Exposing to the right (“ETTR”) is, in some circles, a pretty contentious issue—in part because there have been a number of slightly misleading articles on the subject, which have themselves led to rebuttals which sometimes only add to the confusion. Its origins stem from an article published in 2003 by Michael Reichmann on his website Luminous Landscapes following a conversation with Thomas Knoll, a former lead developer on Photoshop.

So what is it? It is the practice of over-exposing a scene so that the image reaches, but doesn’t pass, the right-hand side of the histogram and then bringing the exposure back down in post-editing so that the image is correctly exposed.

The reason that ETTR can, in some cases, produce a higher quality image is two-fold:

  1. (The main reason). By over-exposing and thus shifting the image to the right-hand side of the histogram you are increasing the signal-to-noise ratio (more signal, same noise = higher signal-to-noise ratio).
  2. (The lesser reason). Relative to the shadows, we see finer transitions between tones in the highlights, therefore capturing images using the brighter regions of the histogram gives us a final image with more tones.

The above reasons only truly hold if you are (1) shooting in RAW (adjusting exposure on a JPEG using post-editing software is a destructive process), and (2) shooting at ISO 100 (if you can over-expose at ISO 200 and still not clip the image it means you can also drop down an ISO which would be a better option to reduce noise). Let’s look at each of these individually.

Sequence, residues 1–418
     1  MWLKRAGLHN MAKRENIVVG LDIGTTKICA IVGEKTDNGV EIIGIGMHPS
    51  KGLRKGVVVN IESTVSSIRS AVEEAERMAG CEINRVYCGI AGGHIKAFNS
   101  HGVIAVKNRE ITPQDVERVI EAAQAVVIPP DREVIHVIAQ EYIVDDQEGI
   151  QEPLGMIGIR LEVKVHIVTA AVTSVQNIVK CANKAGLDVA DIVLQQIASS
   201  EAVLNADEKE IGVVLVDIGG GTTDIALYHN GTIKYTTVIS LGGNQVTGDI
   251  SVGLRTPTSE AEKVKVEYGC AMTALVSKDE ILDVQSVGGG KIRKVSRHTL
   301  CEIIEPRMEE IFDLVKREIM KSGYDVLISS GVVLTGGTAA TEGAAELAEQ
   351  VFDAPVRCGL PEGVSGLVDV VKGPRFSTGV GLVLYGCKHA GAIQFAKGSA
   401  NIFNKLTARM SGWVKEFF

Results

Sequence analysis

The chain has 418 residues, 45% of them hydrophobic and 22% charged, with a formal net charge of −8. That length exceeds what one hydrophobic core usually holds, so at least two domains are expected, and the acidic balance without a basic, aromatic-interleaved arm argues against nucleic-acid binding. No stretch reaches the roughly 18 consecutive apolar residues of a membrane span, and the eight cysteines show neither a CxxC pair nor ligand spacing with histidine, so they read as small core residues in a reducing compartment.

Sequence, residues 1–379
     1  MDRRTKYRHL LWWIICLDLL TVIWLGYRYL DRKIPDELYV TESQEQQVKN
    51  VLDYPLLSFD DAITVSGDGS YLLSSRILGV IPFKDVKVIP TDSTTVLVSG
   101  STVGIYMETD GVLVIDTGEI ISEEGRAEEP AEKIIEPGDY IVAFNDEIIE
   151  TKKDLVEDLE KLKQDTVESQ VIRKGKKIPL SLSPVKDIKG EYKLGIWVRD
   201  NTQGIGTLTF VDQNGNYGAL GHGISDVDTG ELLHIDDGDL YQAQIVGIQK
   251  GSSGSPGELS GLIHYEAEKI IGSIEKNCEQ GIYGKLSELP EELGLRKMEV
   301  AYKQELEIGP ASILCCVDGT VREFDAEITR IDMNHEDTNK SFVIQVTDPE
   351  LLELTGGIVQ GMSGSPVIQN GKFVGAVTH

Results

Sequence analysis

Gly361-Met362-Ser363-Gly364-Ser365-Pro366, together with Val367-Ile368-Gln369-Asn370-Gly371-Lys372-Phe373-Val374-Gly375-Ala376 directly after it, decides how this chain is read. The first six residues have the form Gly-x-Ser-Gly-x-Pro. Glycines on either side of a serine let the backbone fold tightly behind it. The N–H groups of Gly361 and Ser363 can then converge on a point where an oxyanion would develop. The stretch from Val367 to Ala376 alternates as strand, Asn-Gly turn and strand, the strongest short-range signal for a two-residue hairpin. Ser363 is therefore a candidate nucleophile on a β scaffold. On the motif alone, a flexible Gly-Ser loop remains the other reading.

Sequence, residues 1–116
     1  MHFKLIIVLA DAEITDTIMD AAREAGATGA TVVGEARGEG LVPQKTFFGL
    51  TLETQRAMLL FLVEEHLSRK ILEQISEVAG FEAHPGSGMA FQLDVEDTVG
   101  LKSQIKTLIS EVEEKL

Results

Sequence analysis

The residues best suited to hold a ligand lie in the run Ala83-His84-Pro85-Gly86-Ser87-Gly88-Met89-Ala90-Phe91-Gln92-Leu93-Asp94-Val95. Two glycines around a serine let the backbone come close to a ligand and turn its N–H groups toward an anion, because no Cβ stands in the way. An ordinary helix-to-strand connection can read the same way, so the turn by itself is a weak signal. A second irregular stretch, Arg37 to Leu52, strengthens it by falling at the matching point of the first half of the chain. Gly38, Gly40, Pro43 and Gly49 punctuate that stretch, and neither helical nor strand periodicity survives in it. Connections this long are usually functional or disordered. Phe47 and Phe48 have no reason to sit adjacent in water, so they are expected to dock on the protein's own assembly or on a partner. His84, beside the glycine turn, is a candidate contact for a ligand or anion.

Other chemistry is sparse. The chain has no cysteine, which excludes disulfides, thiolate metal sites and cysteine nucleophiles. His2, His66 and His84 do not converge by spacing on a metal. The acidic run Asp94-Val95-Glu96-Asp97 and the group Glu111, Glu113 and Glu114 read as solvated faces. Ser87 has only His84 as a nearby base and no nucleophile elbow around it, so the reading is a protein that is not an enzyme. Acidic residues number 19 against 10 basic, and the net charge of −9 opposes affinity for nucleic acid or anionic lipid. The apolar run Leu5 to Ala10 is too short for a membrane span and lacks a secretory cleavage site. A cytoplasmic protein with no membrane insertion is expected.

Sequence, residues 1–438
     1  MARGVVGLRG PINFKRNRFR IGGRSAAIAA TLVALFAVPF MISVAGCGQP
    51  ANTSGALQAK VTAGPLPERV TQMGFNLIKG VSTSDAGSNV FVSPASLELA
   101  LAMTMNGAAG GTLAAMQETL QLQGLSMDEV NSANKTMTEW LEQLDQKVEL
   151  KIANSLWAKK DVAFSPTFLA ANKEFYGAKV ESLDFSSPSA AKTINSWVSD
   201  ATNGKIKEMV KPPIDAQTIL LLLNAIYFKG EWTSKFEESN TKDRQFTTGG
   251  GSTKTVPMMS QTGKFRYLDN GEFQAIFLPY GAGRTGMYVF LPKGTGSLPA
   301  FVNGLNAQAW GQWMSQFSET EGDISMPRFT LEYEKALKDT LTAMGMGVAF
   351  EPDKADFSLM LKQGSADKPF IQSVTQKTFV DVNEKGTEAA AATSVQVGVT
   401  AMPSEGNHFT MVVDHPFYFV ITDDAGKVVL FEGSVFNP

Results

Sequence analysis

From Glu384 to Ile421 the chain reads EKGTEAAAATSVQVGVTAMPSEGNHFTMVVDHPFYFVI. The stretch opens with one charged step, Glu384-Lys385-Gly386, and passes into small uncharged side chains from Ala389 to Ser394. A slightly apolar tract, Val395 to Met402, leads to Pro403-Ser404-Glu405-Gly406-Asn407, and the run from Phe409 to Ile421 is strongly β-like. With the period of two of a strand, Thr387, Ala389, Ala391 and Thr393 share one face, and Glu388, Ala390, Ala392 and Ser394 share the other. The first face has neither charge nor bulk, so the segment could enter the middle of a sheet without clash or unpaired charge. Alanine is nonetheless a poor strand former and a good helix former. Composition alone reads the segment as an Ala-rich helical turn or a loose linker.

Signal-to-noise ratio (SNR)

This is pretty self-explanatory and the reasons why a lower ISO gives a better signal-to-noise ratio and thus a higher image quality has been detailed in the article on noise. But by way of a brief explanation, the electric charge produced by each pixel is amplified before it is turned into a analogue-to-digital unit (ADU). Higher ISOs are amplified more (because less light has been collected), but this process also amplifies noise leading to a lower image quality.

By increasing the exposure time and pushing the histogram to the right (without clipping) you are increasing the overall signal (number of photons collected) and reducing the signal-to-noise ratio.

Finer Tonal Transitions

Camera sensors are linear devices. The digitized value they spit out for each pixel is directly proportional to the number of photons that hit the photodiode. If you double the light intensity or luminosity, the output value will also double. Human vision, on the other hand, is non-linear. We are far more sensitive to changes in low-light than we are to changes in well-lit conditions. The relation between actual luminosity and our perception of luminosity is reasonably estimated by the below graph.

Consequently, if we were to view the linear output of the camera’s dynamic range—in other words, from black to white and every incremental step in between—this is what we would see:

This is a linear representation of gradual, even steps from black to white, but to us it looks like all the blacks have been bunched together.

Whereas, intuitively, we would expect to see something more like this:

Instead of a linear movement from black to white we’ve made each step more akin to how the human visual system works.

The number of “levels” between black and white depends upon the camera’s bit depth. Bit depth is independent of dynamic range. Dynamic range, typically measured in f-stops, is the range outside which the camera only records white or black. If dynamic range is distance, then bit depth is the units used to divide up the distance—and no matter what the unit (millimeters, inches, metres) the start and end points are always the same: black and white. And no matter what units you use to divide the distance, the distance between black and white is the same (10 kilometres = 10,000 metres = 1,000,000 cm = etc.).